Firing Line

Firing Line

Benoit Photography

Trainer Keeps Eye on Target with Firing Line

Despite crushing losses, colt could be Simon Callaghan's first Triple Crown hopeful.

An argument could be made that California's second-best Triple Crown hopeful at this point in the year might only have a maiden special weight win.

That distinction, however, comes with a mountain of context.

In three second-place finishes, Arnold Zetcher's Firing Line  has been beaten by less than a length combined. That includes heartbreaking back-to-back seconds against current Kentucky Derby Presented by Yum! Brands (gr. I) futures co-favorite Dortmund  in the Los Alamitos Futurity (gr. I) and, most recently, the Robert B. Lewis Stakes (gr. III) Feb. 7 at Santa Anita Park.

SHINAR: Dortmund All Heart in Determined Lewis Tally

According to 31-year-old trainer Simon Callaghan, who could have his first Kentucky Derby starter on his hands, the colt will breeze for the first time since the Lewis the morning of Feb. 21. The $1 million Santa Anita Derby (gr. I) April 4 and the $800,000 Sunland Derby (gr. III) March 23 are potential targets for the Line of David colt.

Big things are expected from Firing Line, who was a $240,000 purchase through agent Ben McElroy out of the Eddie Woods consignment at the last April's Keeneland 2-year-olds in training sale. The bay colt won at second asking by 4 1/4 lengths going 6 1/2 furlongs on the all-weather track at Del Mar Nov. 30.

The Lewis was particularly crushing for all involved, when Firing Line passed Dortmund and led by a length at the eighth pole, only to have the Bob Baffert-trainee rally back on the rail to win by a head.

Robert B. Lewis Stakes Finish
Photo: Benoit Photo
Firing Line (left) finished a head behind Dortmund in the Robert B. Lewis Stakes.

"There was the before, the during, and the after," Zetcher said. "The before, when it looked like he was pulling away. The during, when I said 'uh oh' as Dortmund was coming back. Then the after, realizing how great that race was."

Jockey Gary Stevens and Callaghan echoed the owner's sentiment, both touching on the disappointment of the Lewis loss, but also the positives of the still-developing colt out of the Hold for Gold mare Sister Girl Blues.

"At the time, it's tough, because it's a tough beat," Callaghan said. "But when you sit back and actually look at the third horse (who finished 21 1/2) lengths behind, we're second to what might be the best 3-year-old in the country. We might be second-best (overall). We don't know."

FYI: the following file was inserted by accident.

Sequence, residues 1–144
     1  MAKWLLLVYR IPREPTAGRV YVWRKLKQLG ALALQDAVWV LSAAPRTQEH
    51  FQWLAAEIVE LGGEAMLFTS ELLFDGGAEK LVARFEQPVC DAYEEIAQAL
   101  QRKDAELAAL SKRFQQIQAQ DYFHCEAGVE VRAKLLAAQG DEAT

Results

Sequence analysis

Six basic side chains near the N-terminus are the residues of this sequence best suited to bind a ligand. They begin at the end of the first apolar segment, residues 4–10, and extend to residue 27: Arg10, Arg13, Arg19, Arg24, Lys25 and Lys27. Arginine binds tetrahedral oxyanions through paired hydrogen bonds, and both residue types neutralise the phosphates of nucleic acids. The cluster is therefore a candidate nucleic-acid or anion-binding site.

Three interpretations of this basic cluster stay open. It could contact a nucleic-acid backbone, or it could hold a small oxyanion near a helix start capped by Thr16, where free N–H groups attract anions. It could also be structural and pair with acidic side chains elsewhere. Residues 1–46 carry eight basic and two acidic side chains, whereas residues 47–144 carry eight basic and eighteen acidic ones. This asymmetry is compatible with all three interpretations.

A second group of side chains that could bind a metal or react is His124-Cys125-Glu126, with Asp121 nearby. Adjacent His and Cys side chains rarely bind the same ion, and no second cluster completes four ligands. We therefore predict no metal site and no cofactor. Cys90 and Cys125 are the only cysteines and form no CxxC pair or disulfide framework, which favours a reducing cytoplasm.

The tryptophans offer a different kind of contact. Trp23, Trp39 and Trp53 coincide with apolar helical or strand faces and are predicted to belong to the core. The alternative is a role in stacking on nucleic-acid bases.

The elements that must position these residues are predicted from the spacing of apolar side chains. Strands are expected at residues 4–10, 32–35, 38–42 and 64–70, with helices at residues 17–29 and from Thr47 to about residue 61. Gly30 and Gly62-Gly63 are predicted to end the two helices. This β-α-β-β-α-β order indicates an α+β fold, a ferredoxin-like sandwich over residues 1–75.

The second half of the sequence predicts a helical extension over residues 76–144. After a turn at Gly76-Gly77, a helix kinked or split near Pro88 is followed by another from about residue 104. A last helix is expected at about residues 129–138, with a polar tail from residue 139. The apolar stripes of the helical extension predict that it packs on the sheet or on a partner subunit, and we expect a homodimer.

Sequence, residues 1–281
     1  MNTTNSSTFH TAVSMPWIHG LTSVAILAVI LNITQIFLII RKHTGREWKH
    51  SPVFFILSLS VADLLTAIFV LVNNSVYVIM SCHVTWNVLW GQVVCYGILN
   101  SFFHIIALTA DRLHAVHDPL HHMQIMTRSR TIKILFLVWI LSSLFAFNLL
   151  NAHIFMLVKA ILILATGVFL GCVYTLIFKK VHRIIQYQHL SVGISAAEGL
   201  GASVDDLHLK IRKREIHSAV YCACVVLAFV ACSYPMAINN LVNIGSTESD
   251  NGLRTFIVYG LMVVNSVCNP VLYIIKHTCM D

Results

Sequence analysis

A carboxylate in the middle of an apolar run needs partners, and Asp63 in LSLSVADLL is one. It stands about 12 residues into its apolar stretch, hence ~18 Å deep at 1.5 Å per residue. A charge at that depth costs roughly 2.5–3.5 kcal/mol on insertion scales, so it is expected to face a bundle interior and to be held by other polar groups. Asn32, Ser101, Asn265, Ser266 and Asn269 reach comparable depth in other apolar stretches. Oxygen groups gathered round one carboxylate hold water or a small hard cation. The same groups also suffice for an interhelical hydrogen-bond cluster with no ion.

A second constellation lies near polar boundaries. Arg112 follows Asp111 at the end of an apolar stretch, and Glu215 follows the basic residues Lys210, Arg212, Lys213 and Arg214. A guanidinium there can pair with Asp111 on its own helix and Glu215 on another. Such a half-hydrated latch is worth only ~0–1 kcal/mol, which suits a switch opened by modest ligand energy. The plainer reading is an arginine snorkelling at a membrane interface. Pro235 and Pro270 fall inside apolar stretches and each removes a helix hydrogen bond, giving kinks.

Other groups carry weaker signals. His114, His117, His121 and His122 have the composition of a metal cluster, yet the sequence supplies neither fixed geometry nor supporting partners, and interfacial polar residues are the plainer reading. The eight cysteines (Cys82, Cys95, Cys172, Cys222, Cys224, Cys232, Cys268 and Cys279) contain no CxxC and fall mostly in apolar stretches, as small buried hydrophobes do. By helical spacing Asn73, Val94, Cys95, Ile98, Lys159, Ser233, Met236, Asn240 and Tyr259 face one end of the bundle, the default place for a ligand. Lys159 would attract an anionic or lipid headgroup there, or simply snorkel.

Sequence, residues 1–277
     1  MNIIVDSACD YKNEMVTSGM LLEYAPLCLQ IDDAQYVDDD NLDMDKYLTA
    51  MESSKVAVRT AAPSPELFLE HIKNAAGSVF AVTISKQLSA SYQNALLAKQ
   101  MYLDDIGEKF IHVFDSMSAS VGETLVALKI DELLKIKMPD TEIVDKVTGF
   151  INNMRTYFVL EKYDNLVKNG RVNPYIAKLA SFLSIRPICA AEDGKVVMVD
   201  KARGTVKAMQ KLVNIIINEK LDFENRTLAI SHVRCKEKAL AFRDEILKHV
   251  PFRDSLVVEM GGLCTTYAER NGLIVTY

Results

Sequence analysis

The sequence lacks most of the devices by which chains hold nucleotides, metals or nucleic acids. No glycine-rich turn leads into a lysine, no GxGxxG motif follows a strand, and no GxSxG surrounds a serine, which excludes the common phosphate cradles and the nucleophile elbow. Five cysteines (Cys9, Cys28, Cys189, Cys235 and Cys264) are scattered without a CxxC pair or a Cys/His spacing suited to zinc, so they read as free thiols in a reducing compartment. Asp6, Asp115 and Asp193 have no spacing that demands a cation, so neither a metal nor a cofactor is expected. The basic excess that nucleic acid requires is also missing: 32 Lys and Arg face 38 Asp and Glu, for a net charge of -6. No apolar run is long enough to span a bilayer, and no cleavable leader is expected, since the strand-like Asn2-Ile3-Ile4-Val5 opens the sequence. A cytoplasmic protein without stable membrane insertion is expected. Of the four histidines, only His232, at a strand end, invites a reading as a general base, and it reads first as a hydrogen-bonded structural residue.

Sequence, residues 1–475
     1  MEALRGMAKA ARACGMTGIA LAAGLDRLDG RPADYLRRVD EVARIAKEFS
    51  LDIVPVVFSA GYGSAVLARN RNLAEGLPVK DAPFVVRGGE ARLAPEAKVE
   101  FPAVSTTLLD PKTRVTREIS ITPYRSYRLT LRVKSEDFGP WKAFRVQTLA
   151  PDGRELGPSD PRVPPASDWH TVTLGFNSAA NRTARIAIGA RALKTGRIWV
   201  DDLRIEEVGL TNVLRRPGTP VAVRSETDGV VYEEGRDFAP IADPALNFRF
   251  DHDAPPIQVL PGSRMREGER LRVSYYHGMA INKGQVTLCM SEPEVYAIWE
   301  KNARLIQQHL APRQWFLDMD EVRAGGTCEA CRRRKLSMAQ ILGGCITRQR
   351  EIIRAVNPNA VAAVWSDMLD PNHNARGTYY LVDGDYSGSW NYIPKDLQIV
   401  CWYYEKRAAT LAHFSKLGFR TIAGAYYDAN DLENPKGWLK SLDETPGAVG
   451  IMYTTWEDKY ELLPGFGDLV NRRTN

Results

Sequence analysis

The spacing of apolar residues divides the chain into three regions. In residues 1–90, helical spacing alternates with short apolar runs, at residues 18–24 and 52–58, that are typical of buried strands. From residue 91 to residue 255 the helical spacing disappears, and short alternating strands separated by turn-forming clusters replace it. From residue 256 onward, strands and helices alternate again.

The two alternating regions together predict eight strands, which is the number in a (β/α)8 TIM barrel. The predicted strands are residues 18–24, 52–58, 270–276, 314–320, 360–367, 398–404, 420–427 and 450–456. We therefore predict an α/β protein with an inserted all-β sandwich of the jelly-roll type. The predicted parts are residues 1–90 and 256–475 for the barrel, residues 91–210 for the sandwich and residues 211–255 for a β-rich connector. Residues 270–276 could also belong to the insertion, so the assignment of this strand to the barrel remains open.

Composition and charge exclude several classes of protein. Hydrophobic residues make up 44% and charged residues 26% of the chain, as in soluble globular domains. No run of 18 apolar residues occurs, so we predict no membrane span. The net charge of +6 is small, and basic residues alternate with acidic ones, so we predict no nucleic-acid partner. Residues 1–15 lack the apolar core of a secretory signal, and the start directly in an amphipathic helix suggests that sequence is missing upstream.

Stevens at first blamed himself for the Lewis loss, thinking he moved Firing Line too soon, but said upon reflection he "went home happy" after the race.

"I'm disappointed any time I get beat, but when I make the lead in a graded race, it isn't too often that a horse I pass comes back to beat me," Stevens said. "I was blaming myself directly after the race and after watching (replays) a lot, I have some opinions about myself and about the colt that I think can help. That race is turf history and we both gained from it."

Stevens also said Firing Line lost a shoe during the race and pointed to several small details that could have made a difference in the result. Along with the shoe, Firing Line appeared to stumble slightly at the start of the 1 1/16-mile Lewis, and went three wide into the first turn.

Callaghan, however, is trying not to dwell on what might have been. The English-born trainer from Newmarket resisted watching the replay more than a few times.

"I've watched it literally a few times," Callaghan said. "If you watch it 15 times, sadly, the result never changes. You've got to draw positives from these things. He's ran great races."

For Callaghan, having a 3-year-old Triple Crown contender is the next step in his North American career, which began in 2010.

Upon his arrival in the U.S. in December of 2009, he thrived on the turf with graded stakes winners Up In Time, Dubawi Heights, and Slim Shadey. He won his first non-turf graded stakes with Byrama in the Vanity Handicap (gr. I) on Hollywood Park's synthetic surface in 2013, and claimed his first graded dirt stakes last year when Fashion Plate captured the Las Virgenes (gr. I) and the Santa Anita Oaks (gr. I).

"It's a gradual thing," Callaghan said. "We started with turf horses, but that's what we brought here. Originally, you kinda' get labeled as a turf trainer, which is fine, but when you have that real flagship 3-year-old dirt horsethat's when you can take it to the next level."

The current vibe from Firing Line's connections remains one of guarded excitement. For Zetcher, who last tested the Kentucky Derby waters with CashCall Futurity (gr. I) winner Liaison  (sixth in 2012) and Santa Anita Derby winner Midnight Interlude (16th in 2011), it's enjoyable to be a part of the action.

"It's a fun moment in time to have a horse like this," Zetcher said. "Half the fun of it is having the conversations in between. We couldn't be more excited about having a horse like this."

Arnold Zetcher and Simon Callaghan
Photo: Benoit Photo
Firing Line's owner Arnold Zetcher (left) and trainer Simon Callaghan